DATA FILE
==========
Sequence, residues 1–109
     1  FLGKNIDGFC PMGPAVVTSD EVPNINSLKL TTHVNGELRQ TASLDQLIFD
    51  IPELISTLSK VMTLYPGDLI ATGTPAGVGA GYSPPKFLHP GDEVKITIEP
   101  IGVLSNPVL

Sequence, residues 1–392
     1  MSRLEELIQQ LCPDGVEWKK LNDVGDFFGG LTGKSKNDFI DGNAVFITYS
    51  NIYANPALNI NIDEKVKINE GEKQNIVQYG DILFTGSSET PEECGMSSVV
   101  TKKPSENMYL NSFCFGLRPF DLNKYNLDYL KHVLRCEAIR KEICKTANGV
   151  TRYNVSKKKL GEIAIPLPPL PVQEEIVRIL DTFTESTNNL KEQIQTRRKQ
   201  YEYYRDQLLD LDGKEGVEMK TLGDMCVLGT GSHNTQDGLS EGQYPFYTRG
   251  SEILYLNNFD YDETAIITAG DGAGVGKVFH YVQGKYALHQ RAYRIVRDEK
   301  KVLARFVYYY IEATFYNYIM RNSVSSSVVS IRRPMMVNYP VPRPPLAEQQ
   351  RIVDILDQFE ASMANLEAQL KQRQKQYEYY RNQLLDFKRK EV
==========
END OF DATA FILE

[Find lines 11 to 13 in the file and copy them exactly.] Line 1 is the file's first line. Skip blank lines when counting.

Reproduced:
   251  SEILYLNNFD YDETAIITAG DGAGVGKVFH YVQGKYALHQ RAYRIVRDEK
   301  KVLARFVYYY IEATFYNYIM RNSVSSSVVS IRRPMMVNYP VPRPPLAEQQ
   351  RIVDILDQFE ASMANLEAQL KQRQKQYEYY RNQLLDFKRK EV